An RF transistor is mounted on the substrate 408. The RF transistor 412 is configured to amplify an RF signal across an RF frequency range, e.g., between 1.8 GHz and 2.2 GHz. The RF transistor 412 can be a power transistor such as a MOSFET (metal-oxide semiconductor field-effect transistor), DMOS (double-diffused metal-oxide semiconductor) transistor, GaN HEMT (gallium nitride high electron mobility transistor), GaN MESFET (gallium nitride metal-semiconductor field-effect transistor), LDMOS transistor, etc., and more generally any type of RF transistor device. According to an embodiment, the RF transistor 412 is a GaN based HEMT device.

The RF transistor 412 includes electrically conductive gate, source and drain terminals. In the depicted embodiment, the source terminal (not shown) is disposed on a bottom side of the RF transistor 412. The source terminal directly faces the source pad 410 and is electrically connected to the source pad 410, e.g., by a conductive paste. The gate and drain terminals 414, 416 are disposed on a top side of the RF transistor 412 that is opposite the drain terminals.

The packaged amplifier circuit 400 has the output impedance matching network 314 electrically coupling the drain terminal 416 to the RF output lead 406 and the input impedance matching network 334 electrically coupling the RF input lead 402 to the gate terminal 414. Both the output impedance matching network 314 and the input impedance matching network 334 can have the dual resonator circuit topology described herein. That is, the complete amplifier circuit 300 as described with reference to FIG. 3 can be integrated into the device package.

In the embodiment of FIG. 4, the capacitors of the input impedance matching network 334 and the output impedance matching network 314 are provided by chip capacitors that are mounted directly on the source pad 410. These chip capacitors can be configured with electrically conductive terminals on opposite facing sides. A lower terminal of the chip capacitors directly faces and electrically connects to the source pad 410. The second terminals of the chip capacitors are disposed on the top side of the chip capacitors and are accessible for electrical connection, e.g., by bond wire.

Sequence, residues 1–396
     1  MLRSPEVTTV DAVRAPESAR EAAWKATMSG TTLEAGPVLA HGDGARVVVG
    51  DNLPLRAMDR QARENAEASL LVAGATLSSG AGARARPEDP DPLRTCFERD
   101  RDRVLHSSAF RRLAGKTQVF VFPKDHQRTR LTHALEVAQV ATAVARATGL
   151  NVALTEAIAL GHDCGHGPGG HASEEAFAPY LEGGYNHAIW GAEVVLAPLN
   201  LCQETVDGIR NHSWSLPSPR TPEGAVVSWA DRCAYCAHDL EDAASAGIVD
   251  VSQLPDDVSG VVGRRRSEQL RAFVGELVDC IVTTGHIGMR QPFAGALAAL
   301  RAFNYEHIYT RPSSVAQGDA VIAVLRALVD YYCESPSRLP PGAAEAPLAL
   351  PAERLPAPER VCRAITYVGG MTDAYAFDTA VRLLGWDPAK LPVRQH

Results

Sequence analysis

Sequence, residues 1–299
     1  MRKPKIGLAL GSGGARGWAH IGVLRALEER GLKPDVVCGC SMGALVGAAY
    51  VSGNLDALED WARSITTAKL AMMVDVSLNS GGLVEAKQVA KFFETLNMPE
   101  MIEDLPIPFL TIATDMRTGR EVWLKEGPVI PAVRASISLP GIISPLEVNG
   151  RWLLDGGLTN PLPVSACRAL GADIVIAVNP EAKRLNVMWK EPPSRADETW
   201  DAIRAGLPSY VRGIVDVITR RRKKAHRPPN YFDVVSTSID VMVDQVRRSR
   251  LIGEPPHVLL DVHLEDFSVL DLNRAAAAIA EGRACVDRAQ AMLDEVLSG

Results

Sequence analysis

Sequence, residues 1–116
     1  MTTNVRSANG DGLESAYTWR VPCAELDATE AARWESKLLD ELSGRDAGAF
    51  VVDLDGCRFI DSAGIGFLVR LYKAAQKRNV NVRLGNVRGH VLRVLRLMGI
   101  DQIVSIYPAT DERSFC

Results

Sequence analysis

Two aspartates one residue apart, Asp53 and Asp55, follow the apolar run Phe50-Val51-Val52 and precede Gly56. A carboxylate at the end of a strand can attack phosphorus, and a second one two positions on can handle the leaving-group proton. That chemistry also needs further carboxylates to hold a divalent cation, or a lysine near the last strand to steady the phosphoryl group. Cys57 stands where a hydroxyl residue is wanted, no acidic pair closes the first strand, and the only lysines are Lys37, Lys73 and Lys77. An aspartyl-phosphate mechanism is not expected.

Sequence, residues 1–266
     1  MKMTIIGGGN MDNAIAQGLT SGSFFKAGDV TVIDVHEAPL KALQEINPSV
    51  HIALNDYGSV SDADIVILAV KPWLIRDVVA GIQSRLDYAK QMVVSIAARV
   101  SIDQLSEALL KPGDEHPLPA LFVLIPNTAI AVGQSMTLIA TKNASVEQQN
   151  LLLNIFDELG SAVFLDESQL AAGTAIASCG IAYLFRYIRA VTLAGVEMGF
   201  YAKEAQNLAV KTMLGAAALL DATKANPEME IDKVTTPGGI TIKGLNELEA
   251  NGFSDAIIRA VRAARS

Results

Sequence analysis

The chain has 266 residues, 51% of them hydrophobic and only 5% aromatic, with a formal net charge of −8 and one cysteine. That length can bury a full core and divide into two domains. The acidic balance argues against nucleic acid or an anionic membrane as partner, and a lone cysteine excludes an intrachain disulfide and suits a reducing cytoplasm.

In the depicted example, the first capacitor 322 is provided by a first chip capacitor 418, the second capacitor 328 is provided by a second chip capacitor 420, the fifth capacitor 344 is provided by a third chip capacitor 422, and the sixth capacitor 348 is provided by a fourth chip capacitor 424. Instead of using discrete chip capacitors for each capacitor in the matching circuits, two or more of the capacitors can be integrated in a single capacitor. For example, the first and second capacitors 418, 420 could be provided in a single chip capacitor with segmented capacitors.

The inductors of the impedance matching networks are provided by electrically conductive bond wires that are connected between the appropriate nodes. As those of ordinary skill will appreciate, there is a certain inductance associated with any wire connection. Thus, each span of bond wires extending between two conductive terminals provides a defined inductance. This inductance value can be adjusted by tailoring the physical parameters of the spans of the bond wires. Exemplary physical parameters that can be tailored to achieve a desired inductance include height of the bond wires, separation distance between the bond wires, length of the spans of the bond wires, to name a few.

In the depicted example, the first inductor 316 is provided by a first set of bond wires 426 that are directly electrically connected to the drain terminal 416 of the RF transistor 412 and the RF output lead 406, the second inductor 320 of the first LC resonator 318 is provided by a second set of bond wires 428 that are directly electrically connected to the drain terminal 416 of the RF transistor 412 and the first chip capacitor 418, and the third inductor 326 of the second LC resonator 324 is provided by a third set of bond wires 430 that are directly electrically connected to the drain terminal 416 of the RF transistor 412 and the second chip capacitor 420. According to an embodiment, the second and third sets of bond wires 426, 430 are interdigitated with one another. That is, the bond wires of each set run parallel to one another and alternate back and forth. As a result, a mutual inductance arises between the two sets of bond wires. On the input side, the fourth inductor 336 is provided by a fourth set of bond wires 432 that are directly electrically connected to the gate terminal 414 and the RF input lead 402, the fifth inductor 342 of the third LC resonator 338 is provided by a fifth set of bond wires 434 that are directly electrically connected to the gate terminal 414 and the third chip capacitor 422 and the sixth inductor 346 of the fourth LC resonator 340 is provided by a sixth set of bond wires 436 that are directly electrically connected to the gate terminal 414 and the fourth chip capacitor 424.

The third and fourth capacitors 322, 330 can be provided by separate capacitors (not shown) or can alternatively be incorporated into the first or second chip capacitors 418, 420.